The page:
Growth Mindset

Five Steps To A Curated + Clutter-Free Home

A few years ago, I packed up my home into boxes to move to a new house.  We didn’t end up moving, and I was stuck with all my stuff in boxes.  At the time, I was very disappointed.  But, it turned out to be an important learning opportunity which enabled me to do something very important.

My disappointment weighed heavily, and I didn’t have the energy to unpack immediately.  My head just wasn’t in it. I only unpacked what I needed for that week. After a couple of weeks, there were special items I missed having around me, so I unpacked those things. Within the first month, I had unpacked what I really needed or what was very important to me and nothing more.

I realised I had been harbouring a lot of stuff I thought I needed, wanted, or would be useful one day.  But it was all just cluttering my home and my mind.  The important outcome of not having all that extra stuff surrounding me was that I had space, both physical and mental, to re-evaluate my life,  see what I wanted to do next, and think about how I wanted to live.

“Keep only those things that speak to your heart. Then take the plunge and discard all the rest. By doing this, you can reset your life and embark on a new lifestyle.”

Marie Kondō

It seems, when you still have stuff from your past cluttering your home it becomes difficult to see the changes you really want to make.  Your stuff holds you back.  I recommend clearing out the clutter to make space for the new.  Once I had everything out of the way, I began to see how I could make my home’s style a better reflection of who I am now and what I’m aiming for.

“The space in which we live should be for the person we are becoming now, not for the person we were in the past.”

Marie Kondō

I don’t expect you to go and pack up your whole house as I did to figure out what’s worth your space and what isn’t (although if you can it works well).  I do have a strategy that I think can help you reach the same results, incrementally – pack up a room at a time.

Step 1

Go into a room and pack everything up. Take this opportunity to clean the room top to bottom, repaint, or make any changes you want to make.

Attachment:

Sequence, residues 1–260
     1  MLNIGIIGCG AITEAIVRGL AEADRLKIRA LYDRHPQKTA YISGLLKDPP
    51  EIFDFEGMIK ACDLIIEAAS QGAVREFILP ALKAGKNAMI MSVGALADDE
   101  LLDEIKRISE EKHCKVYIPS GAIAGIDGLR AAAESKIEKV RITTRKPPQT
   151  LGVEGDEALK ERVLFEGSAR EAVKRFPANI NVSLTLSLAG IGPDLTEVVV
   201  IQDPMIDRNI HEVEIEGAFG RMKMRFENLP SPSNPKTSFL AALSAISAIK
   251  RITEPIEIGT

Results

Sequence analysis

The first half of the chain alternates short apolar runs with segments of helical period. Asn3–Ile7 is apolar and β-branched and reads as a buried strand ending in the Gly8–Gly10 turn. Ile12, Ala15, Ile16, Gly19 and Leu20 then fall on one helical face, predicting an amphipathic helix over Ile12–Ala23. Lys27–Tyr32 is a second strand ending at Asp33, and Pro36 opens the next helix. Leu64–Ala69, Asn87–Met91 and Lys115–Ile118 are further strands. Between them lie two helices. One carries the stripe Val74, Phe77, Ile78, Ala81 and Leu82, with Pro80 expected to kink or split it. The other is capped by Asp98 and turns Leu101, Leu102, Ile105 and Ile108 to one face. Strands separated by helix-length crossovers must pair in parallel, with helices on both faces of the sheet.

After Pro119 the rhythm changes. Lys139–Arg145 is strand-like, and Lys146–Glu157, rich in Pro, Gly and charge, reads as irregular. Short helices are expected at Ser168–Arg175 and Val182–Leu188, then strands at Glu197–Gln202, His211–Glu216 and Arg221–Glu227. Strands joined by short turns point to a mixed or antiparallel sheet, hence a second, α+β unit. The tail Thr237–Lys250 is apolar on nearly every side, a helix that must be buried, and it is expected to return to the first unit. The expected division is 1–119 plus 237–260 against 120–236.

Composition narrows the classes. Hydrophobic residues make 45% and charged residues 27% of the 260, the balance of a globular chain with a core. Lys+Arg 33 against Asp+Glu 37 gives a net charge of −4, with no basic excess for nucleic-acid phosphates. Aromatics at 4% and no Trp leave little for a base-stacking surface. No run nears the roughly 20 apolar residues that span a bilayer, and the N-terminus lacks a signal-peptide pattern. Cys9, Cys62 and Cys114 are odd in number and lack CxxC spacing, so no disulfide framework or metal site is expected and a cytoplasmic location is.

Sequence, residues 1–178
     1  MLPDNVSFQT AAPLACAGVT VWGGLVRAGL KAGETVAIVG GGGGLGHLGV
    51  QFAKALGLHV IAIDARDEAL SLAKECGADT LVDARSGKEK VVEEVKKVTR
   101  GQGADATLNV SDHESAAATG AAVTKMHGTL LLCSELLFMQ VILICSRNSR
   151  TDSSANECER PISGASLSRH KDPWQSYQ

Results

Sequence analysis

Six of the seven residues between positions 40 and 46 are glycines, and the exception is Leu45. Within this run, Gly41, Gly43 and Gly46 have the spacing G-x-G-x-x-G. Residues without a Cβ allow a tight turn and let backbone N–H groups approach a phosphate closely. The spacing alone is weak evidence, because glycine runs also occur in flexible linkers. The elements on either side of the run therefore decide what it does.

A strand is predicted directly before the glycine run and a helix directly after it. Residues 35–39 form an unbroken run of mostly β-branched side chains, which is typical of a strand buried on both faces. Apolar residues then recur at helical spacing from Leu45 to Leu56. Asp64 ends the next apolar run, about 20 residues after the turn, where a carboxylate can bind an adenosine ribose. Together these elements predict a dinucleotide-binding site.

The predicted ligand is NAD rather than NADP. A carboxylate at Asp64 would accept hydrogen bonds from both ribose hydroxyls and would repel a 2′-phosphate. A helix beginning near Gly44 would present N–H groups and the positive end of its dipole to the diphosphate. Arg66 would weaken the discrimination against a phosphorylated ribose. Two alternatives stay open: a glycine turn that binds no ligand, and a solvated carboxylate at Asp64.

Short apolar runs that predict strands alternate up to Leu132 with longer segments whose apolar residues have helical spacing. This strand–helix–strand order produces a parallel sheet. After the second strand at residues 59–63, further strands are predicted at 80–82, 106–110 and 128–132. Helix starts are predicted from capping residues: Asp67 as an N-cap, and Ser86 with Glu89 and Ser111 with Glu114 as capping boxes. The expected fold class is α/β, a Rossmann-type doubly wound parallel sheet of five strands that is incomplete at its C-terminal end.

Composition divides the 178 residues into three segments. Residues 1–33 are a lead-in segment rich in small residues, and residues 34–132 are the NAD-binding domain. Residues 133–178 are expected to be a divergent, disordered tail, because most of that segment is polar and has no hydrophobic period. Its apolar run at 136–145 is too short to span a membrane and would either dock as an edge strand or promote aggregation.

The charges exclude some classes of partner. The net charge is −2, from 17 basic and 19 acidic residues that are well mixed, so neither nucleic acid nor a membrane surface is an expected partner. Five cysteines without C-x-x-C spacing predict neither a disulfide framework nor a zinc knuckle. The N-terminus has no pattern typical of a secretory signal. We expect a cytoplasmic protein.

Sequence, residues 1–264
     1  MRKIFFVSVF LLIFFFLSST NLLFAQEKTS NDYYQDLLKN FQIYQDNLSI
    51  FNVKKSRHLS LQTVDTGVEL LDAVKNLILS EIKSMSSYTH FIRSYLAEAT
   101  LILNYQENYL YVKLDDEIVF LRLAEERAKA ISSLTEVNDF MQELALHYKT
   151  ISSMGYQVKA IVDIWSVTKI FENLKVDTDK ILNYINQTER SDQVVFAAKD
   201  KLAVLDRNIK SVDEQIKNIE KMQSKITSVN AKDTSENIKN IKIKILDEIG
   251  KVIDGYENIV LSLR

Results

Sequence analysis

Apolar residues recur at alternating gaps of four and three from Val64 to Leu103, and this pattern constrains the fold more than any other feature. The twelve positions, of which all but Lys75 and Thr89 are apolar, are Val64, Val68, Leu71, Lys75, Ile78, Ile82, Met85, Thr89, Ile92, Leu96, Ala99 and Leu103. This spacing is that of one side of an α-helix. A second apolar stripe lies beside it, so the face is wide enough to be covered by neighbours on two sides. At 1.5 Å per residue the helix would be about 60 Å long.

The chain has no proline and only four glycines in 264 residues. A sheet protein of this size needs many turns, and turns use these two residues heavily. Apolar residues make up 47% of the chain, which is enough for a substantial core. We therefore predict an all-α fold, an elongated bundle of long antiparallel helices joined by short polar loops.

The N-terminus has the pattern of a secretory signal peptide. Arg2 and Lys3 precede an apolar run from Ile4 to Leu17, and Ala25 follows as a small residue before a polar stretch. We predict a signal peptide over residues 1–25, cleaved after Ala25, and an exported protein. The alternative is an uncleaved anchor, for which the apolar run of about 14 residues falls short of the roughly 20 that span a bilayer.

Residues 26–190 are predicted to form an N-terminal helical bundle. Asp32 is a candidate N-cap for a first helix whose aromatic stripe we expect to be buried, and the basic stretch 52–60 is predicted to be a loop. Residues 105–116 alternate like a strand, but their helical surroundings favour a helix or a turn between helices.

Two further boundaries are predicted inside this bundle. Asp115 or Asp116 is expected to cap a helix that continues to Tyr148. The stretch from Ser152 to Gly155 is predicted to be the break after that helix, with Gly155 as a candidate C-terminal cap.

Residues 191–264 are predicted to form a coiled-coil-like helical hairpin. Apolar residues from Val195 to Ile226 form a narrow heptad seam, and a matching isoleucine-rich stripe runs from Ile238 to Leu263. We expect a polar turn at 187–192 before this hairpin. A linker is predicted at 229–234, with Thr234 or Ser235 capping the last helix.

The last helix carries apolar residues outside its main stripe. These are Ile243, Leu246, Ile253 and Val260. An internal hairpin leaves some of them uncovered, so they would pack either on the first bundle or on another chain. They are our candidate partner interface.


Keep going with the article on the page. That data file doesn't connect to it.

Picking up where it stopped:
Step 2

Leave this room overnight or for as long as it takes for you to go in there to do something. Then, unpack only what you need for that task or for a week.

Step 3

Throughout the first month only unpack the things you need. Leave everything else in the boxes.

Step 4

After a month, unpack the things you really miss having around you. Be strict about this. You must already have the items in mind to be able to unpack them. Try to stick to the items that are in line with your current mindset and desired style. Don’t rifle through boxes and pull out stuff just because it has a memory attached to it. All your stuff comes with memories or sentimental value, that doesn’t necessarily mean we should keep them forever.

Step 5

After that first month, anything that remains in boxes you should consider donating, selling, or throwing away.

Move from room to room in this way and, if you are honest and strict with yourself, you should’ve cleared out plenty of clutter.  And what’s left will be a carefully curated selection of items that still resonate with you.

What I can guarantee is you’ll have made space both mentally and physically to re-evaluate your needs, plan for the future, and provided yourself with the opportunity to restyle your home in a way that is more fitting with your desired taste and lifestyle. 

To further help you declutter, you might want to read famous Japanese organizing consultant, Marie Kondo’s book,  The Life-Changing Magic of Tidying Up: The Japanese Art of Decluttering and Organizing.  It is jam-packed with quote-worthy motivation and revelations.

Disclaimer: Some of the book links in this post are affiliate links and if you click through them to make a purchase I’ll earn a commission. Whether you decide to buy any of these books using my affiliate links is completely up to you. I am grateful for your support and thank you for reading.

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